The Kolligian Library Building at the University of California, Merced campus, is just one example of how libraries can be sustainability showcases. The building, encompassing 180,000 square feet, uses 42 percent less water and 50 percent less energy than comparable buildings. The carpets contain 37 percent recycled content, while its acoustical ceiling tiles contain 66 percent recycled content that includes telephone books and newspapers. Nearly 30 percent of the materials used to construct the building were manufactured locally, resulting in significant transportation and energy savings. The building’s heating, ventilating, air conditioning, and lighting systems have sophisticated controls to monitor and modulate energy use, and also provide a rich source of information for evaluating building performance and potential additional energy use reduction. *10
Libraries need to update and position their “brand” to fit within the institutional mission.
According to FinAid, a leading financial aid website, tuition tends to increase on average about eight percent per year. This tuition inflation rate means that the cost of college doubles every nine years. For a baby born today, tuition will triple by the time the child matriculates in college. *11 To attract qualified, motivated students, colleges and universities must find ways to attract the best and brightest. In this regard, they are no different than corporations who seek to attract the most talented workers.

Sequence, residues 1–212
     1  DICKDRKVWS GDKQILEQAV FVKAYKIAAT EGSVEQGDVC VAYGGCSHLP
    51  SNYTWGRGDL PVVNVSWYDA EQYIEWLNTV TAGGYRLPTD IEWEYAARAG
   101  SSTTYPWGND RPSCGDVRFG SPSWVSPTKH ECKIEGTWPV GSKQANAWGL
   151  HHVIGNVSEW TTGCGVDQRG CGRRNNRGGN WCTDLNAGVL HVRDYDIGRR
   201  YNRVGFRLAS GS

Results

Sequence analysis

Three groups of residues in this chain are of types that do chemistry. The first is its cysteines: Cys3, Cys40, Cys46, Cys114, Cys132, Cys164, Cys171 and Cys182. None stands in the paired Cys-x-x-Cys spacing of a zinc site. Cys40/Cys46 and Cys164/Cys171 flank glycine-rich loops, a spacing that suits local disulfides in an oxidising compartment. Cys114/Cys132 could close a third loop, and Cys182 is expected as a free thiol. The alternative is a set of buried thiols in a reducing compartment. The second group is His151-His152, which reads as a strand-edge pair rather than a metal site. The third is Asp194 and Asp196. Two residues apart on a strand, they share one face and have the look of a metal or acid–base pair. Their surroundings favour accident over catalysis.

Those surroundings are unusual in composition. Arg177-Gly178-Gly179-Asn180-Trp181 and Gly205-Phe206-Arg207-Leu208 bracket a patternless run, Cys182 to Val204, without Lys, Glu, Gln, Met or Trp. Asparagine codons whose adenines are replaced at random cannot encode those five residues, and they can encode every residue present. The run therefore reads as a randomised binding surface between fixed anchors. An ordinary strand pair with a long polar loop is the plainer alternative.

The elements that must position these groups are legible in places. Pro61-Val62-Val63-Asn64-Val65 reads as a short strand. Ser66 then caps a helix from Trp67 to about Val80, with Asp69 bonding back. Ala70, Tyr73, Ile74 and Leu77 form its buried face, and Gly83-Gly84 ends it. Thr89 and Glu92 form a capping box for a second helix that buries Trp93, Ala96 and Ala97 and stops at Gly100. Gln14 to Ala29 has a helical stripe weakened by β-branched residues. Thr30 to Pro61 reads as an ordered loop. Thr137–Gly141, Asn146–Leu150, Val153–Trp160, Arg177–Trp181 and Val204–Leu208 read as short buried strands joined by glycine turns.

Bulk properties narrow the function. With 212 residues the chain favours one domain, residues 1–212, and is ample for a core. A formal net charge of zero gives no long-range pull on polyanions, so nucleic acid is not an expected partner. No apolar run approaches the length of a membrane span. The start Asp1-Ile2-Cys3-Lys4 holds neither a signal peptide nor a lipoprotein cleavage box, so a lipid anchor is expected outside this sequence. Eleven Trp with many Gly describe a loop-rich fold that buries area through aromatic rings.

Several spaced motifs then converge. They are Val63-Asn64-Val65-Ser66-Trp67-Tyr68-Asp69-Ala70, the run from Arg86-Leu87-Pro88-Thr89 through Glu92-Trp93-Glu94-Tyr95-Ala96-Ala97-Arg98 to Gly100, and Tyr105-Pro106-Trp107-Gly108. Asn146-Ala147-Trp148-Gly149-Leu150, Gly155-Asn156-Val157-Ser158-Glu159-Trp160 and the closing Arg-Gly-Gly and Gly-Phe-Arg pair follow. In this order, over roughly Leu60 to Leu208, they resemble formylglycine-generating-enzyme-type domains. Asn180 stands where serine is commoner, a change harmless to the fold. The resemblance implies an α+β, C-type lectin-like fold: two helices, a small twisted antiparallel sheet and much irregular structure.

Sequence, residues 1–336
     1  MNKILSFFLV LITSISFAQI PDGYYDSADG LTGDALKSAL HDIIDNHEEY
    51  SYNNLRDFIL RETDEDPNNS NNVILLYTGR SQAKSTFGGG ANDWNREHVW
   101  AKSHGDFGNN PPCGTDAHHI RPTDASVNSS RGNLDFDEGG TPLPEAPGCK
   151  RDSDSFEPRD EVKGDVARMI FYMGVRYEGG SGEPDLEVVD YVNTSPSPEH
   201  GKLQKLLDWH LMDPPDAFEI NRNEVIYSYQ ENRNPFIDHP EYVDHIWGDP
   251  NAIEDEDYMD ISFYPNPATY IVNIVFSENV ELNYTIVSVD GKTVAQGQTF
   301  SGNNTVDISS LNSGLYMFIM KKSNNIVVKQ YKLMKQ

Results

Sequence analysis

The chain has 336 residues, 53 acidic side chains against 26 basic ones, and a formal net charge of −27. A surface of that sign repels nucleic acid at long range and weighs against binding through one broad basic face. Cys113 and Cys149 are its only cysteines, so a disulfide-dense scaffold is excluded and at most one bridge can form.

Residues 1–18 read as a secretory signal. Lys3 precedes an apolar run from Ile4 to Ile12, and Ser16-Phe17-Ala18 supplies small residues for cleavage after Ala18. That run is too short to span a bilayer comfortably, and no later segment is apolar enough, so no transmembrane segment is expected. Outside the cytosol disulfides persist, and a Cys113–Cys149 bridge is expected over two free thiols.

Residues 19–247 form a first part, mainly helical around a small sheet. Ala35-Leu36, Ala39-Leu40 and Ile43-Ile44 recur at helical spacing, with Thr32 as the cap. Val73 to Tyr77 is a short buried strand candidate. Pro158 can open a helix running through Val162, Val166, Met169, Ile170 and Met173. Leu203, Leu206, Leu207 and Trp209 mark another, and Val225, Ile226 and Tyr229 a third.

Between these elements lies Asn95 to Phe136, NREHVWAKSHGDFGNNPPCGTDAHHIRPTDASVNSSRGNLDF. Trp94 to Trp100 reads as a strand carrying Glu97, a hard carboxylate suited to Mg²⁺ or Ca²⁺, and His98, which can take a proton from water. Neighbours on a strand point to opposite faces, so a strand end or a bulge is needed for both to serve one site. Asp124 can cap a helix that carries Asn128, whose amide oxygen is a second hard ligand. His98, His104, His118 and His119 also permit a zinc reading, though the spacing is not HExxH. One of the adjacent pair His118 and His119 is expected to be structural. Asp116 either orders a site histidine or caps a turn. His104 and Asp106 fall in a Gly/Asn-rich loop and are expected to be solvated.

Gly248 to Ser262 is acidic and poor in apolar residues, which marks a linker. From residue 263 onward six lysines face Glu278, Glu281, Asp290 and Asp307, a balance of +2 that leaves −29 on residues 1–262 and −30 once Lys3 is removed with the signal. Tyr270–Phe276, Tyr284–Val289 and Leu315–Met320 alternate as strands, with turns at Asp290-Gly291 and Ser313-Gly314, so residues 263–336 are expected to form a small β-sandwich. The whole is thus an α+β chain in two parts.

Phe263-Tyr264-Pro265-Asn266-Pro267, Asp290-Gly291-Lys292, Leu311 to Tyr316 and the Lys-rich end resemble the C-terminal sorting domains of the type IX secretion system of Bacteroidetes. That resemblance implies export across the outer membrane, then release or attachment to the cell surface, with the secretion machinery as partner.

The brand image of an institution is created by and reflects many institutional dynamics. Just as business leaders have increasingly focused on branding as the marketing means to shape identity and appeal for their product, colleges and universities need to understand the needs, expectations, and perceptions of their stakeholders and constituents—students, faculty, alumni, employers, and government among others—and align their brands accordingly. Many aspects of the educational experience have direct branding implications: student recruiting and admissions, alumni giving, community relations, faculty engagement, staff culture, quality of academics, and the entire student experience.